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What is the rule that describes the use of "or" in these sentences?

"Do you want strawberry or grape jelly?"

"Can I drive the red, blue, or green car?"

closed as unclear what you're asking by Janus Bahs Jacquet, Davo, Nigel J, jimm101, user067531 Dec 29 '17 at 17:37

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    the definition of "or" answers your question – Archie Azares Jul 7 '16 at 4:42
  • Are you looking for a technical term for the functioning of or? (That would be disjunction) Or are you looking for the meaning of or? (That would offering alternatives.) Or something else? – deadrat Jul 7 '16 at 5:12
  • The rule is what you write in your title: that you can use or between multiple adjectives describing the same noun. I’m not sure what other rule you’d be looking for… – Janus Bahs Jacquet Dec 28 '17 at 18:43
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EDIT: I've misread the question. The OP wants to know about the rule (or possibly the role?) of "or" in the example sentences. I'll leave this answer anyway.


I don't think there is any rule, written or unwritten which I can refer you to.

But from knowing a little something about binomials when two or more words are listed, normally the polysyllabic word is cited first; e.g.

She doesn't like blackberry or apple juice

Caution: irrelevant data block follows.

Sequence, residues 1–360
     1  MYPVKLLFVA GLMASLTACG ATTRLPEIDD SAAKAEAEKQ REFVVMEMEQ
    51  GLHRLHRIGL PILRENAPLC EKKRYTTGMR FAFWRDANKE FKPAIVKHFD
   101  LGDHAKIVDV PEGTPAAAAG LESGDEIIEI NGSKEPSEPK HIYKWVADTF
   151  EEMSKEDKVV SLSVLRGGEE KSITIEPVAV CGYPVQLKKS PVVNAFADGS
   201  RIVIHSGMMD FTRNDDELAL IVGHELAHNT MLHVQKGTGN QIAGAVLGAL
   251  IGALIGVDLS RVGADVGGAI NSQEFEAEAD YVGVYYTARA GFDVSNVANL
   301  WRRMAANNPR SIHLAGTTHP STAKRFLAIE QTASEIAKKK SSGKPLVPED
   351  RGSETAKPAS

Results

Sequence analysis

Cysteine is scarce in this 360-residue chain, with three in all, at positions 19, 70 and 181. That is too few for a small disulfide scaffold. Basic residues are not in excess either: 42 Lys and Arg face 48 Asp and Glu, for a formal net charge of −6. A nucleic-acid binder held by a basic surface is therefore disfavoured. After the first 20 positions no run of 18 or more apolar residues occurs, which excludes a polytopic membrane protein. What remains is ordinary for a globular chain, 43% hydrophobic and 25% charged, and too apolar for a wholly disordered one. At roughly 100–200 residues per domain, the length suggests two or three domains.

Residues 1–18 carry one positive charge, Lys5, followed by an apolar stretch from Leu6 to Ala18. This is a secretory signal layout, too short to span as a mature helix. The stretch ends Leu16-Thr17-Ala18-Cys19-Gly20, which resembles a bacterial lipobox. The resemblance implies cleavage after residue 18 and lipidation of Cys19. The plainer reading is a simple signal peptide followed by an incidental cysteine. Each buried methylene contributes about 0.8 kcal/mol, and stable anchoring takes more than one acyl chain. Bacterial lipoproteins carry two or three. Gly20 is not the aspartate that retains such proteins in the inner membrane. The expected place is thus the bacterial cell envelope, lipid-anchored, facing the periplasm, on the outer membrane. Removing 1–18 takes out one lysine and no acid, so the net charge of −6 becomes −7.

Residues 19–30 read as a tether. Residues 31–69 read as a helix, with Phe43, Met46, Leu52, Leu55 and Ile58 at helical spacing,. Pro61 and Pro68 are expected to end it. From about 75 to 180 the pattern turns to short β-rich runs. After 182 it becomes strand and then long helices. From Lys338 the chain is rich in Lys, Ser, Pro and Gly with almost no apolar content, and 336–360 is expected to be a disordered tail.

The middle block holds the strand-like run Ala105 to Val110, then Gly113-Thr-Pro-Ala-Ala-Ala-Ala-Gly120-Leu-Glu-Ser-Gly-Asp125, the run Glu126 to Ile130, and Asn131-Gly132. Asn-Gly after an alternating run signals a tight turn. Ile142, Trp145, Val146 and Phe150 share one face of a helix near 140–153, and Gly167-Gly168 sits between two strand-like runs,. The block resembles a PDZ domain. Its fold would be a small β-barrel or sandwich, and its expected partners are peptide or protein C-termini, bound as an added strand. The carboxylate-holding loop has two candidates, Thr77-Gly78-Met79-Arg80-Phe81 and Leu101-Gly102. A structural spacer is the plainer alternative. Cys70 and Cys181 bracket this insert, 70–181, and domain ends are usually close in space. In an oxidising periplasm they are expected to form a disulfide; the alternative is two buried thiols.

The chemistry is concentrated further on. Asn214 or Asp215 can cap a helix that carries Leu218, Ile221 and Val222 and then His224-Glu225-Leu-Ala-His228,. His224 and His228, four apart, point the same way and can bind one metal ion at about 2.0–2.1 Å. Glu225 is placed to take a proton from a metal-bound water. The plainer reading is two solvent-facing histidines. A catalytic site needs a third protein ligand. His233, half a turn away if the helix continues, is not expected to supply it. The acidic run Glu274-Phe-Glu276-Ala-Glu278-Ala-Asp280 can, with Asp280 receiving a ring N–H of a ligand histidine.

If one of the words is perceived to be more dominant, than that is nominated first; e.g.

It's a matter of life or death
Black or white coffee?

If one of the nouns is singular that will take precedence over the uncountable noun; e.g.

Do you want a sandwich or chips?

But if three or more nouns (or adjectives) have each a single syllable, share a common feature, and neither is considered dominant over the other, I'd say the shorter word goes first.

For example,

Which colour do you prefer; red, blue or green?

However, when it comes to the colour of flags if the colours are not separated into bands then it appears that red will dominate all other colours, if the flag does not have red, blue will dominate, followed by green and then yellow. The order will remain the same if the conjunction and is replaced by or but logically it would no longer refer to the colour of flags. Here then are just a few examples:

Red

Blue

Green

  • Green, yellow and black
  • Green, black and white
  • Green, white and orange

Yellow

  • Yellow, black and white
  • Yellow, white and orange
  • Yellow, white and purple

Wikipedia List of flags by color combination

For more help about the order of adjectives (excluding the order of colours) see the following question

What is the rule for adjective order?

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